## 4. Proposed Methodology

- Preparing training data;
- Creating the basic fuzzy model;
- Adjusting values of the premise and consequent parameters of the basic fuzzy model using the error function and the two optimization methods, GA and SFLA; and
- Identifying the fuzzy system with the best values of the parameters as a final result.

## 5. Results

^{2}values for the training and testing data subsets. A comparison between the RMSE values of the SVR- and ANFIS-based hybrid models indicates that both the SVR–GA and SVR–SFLA models have relatively low RMSE values.

## 6. Discussion

## 7. Conclusions

## Author Contributions

## Funding

## Institutional Review Board Statement

## Informed Consent Statement

## Data Availability Statement

## Acknowledgments

## Conflicts of Interest

## References

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**Figure 2.**Conditioning factors for forest fire susceptibility mapping: (

**a**) elevation, (

**b**) slope, (

**c**) aspect, and (

**d**) land use. Conditioning factors for forest fire susceptibility mapping: (

**e**) NDVI, (

**f**) rainfall, (

**g**) temperature, and (

**h**) wind speed. Conditioning factors for forest fire susceptibility mapping: (

**i**) radiation; (

**j**) soil texture; (

**k**) TWI; and (

**l**) distance to drainage. Conditioning factors for forest fire susceptibility mapping: (

**m**) population density; and (

**n**) distance to roads.

**Figure 4.**Target and output values of the ANFIS–GA model for the training and testing, respectively, (

**a**,

**b**), the MSE and RMSE values of the training and testing samples for ANFIS–GA models, respectively (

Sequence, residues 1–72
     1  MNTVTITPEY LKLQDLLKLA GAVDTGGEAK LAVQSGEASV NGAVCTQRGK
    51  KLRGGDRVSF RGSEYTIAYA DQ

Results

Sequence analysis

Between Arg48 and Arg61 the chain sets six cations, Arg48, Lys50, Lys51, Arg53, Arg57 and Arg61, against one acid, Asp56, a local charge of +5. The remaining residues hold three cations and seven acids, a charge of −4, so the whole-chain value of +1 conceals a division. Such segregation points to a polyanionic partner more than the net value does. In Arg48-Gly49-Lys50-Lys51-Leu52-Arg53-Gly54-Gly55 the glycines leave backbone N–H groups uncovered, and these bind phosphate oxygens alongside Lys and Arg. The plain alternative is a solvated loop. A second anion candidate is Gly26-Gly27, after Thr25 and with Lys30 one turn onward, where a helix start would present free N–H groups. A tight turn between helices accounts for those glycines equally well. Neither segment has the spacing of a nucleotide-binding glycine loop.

**c**,

**e**), frequency of errors of the training and testing samples for ANFIS–GA model, respectively (

**d**,

**f**).

**Figure 5.**Target and output values of the ANFIS–SFLA model for the training and testing, respectively, (

**a**,

**b**), the MSE and RMSE values of the training and testing samples for ANFIS–SFLA models, respectively (

**c**,

**e**), frequency of errors of the training and testing samples for ANFIS–SFLA model, respectively (

**d**,

**f**).

**Figure 7.**The receiver operating characteristic curves of the four hybrid models in the training and testing runs.

**Figure 8.**The forest fire susceptibility maps obtained from the SVR–GA, SVR–SFLA, ANFIS–GA, and ANFIS–SFLA models.

Hyper-Parameter | GA | SFLA |
---|---|---|

Cost (C) | 8 | 0.790 |

Gamma (γ) | 0.03125 | 0.90473 |

RMSE (training) | 0.2826 | 0.2881 |

RMSE (testing) | 0.3831 | 0.3969 |

R^{2} (training) | 0.79 | 0.76 |

R^{2} (testing) | 0.68 | 0.66 |

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**MDPI and ACS Style**

Mabdeh, A.N.; Al-Fugara, A.; Khedher, K.M.; Mabdeh, M.; Al-Shabeeb, A.R.; Al-Adamat, R.
Forest Fire Susceptibility Assessment and Mapping Using Support Vector Regression and Adaptive Neuro-Fuzzy Inference System-Based Evolutionary Algorithms. *Sustainability* **2022**, *14*, 9446.
https://doi.org/10.3390/su14159446

**AMA Style**

Mabdeh AN, Al-Fugara A, Khedher KM, Mabdeh M, Al-Shabeeb AR, Al-Adamat R.
Forest Fire Susceptibility Assessment and Mapping Using Support Vector Regression and Adaptive Neuro-Fuzzy Inference System-Based Evolutionary Algorithms. *Sustainability*. 2022; 14(15):9446.
https://doi.org/10.3390/su14159446

**Chicago/Turabian Style**

Mabdeh, Ali Nouh, A’kif Al-Fugara, Khaled Mohamed Khedher, Muhammed Mabdeh, Abdel Rahman Al-Shabeeb, and Rida Al-Adamat.
2022. "Forest Fire Susceptibility Assessment and Mapping Using Support Vector Regression and Adaptive Neuro-Fuzzy Inference System-Based Evolutionary Algorithms" *Sustainability* 14, no. 15: 9446.
https://doi.org/10.3390/su14159446